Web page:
First reported self-healing polymer that spontaneously and independently repairs itself

Sep 16, 2013

Scientists in Spain have reported the first self-healing polymer that spontaneously and independently repairs itself without any intervention. The new material could be used to improve the security and lifetime of plastic parts in everyday products such as electrical components, cars and even houses.

The researchers have dubbed the material a 'Terminator' polymer in tribute to the shape-shifting, molten T-100 terminator robot from the Terminator 2 film.

The research is published in the Royal Society of Chemistry journal Materials Horizons.

Self-healing polymers that can spontaneously achieve quantitative healing in the absence of a catalyst have never been reported, until now. The scientists prepared the self-healing thermoset elastomers from common polymeric starting materials using a simple and inexpensive approach.

A video shows that the permanently cross-linked poly(urea-urethane) elastomeric network completely mends itself after being cut in two with a razor blade. A metathesis reaction of aromatic disulphides, which naturally exchange at room temperature, causes the regeneration.

The polymer behaves as a Velcro-like sealant or adhesive, displaying an impressive 97 per cent healing efficiency in just two hours. The researchers show that after cutting the material into two separate pieces with a razor blade and allowing it to self-heal, the material is unbreakable when stretched manually.

The authors said: "The fact that poly(urea-urethane)s with similar chemical composition and mechanical properties are already used in a wide range of commercial products makes this system very attractive for a fast and easy implementation in real industrial applications."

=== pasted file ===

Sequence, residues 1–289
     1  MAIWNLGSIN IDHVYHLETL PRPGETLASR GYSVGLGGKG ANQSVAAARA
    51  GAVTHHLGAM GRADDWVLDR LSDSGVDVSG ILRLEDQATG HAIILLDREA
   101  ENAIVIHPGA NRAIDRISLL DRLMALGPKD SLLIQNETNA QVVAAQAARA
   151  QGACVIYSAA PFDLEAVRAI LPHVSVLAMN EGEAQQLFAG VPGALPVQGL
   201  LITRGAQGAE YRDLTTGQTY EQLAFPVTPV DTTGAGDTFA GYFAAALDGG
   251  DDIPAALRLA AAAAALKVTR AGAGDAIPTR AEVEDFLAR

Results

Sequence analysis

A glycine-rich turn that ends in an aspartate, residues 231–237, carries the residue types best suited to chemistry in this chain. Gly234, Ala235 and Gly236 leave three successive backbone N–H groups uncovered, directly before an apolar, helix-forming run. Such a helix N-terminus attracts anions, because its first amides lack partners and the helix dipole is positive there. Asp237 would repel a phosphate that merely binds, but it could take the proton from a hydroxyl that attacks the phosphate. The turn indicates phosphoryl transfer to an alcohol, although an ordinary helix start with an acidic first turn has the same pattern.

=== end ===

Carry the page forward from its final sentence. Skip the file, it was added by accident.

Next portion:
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0 comments on “First reported self-healing polymer that spontaneously and independently repairs itself

  • 6
    TickleFour says:

    Self healing polymers are indeed awesome. I must point out, however, that the paper cited is not the first example of an uncatalyzed self healing polymer. Shame on Physorg and the authors that they cite for claiming to be the first to synthesize such a material. It’s always a good idea to do a thorough search of the literature before making such groundbreaking statements.

    For the original example of uncatalzyed self healing polymers, see: “Multiphase Design of Autonomic Self-Healing Thermoplastic Elastomers” Chen, Y.; Kushner, A. M.; Williams, G. A.; Guan, Z. Nature Chem. 2012, 4, 467-472.

    To bypass the paywall see the link #65 is the Nature Chemistry article.

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  • 7
    Explorer says:

    Unvulcanised (non-crosslinked) natural rubber has always been able to perform similar feats of self-healing when cut. However, for a cross-linked polymer to achieve this is really impressive. I would like to see though, tensile strength tests carried out in controlled laboratoryconditions using standard test pieces to find out if there is any reduction at all in stretch to break strength. I suspect there would be a reduction to some degree.

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  • In reply to #5 by MickeyDroy:

    Sounds a bit new age to me. Magical effects at a level too small to see requiring a strange memory of former states.

    Nothing New Age about it. Nothing magical.
    Although not, as TickleFour points out, the first self-healing synthetic polymer by a long way, it is impressive.
    In February 2008 Arkema announced the joint development with the Paris Ecole Supérieure de Physique et Chimie Industrielles (ESPCI) Matière Molle et Chimie Laboratory of a revolutionary self-healing rubber based on the concept of supramolecular chemistry.
    This new one is based on poly(urea-urethane)s and claims a 97% recovery in mechanical properties.

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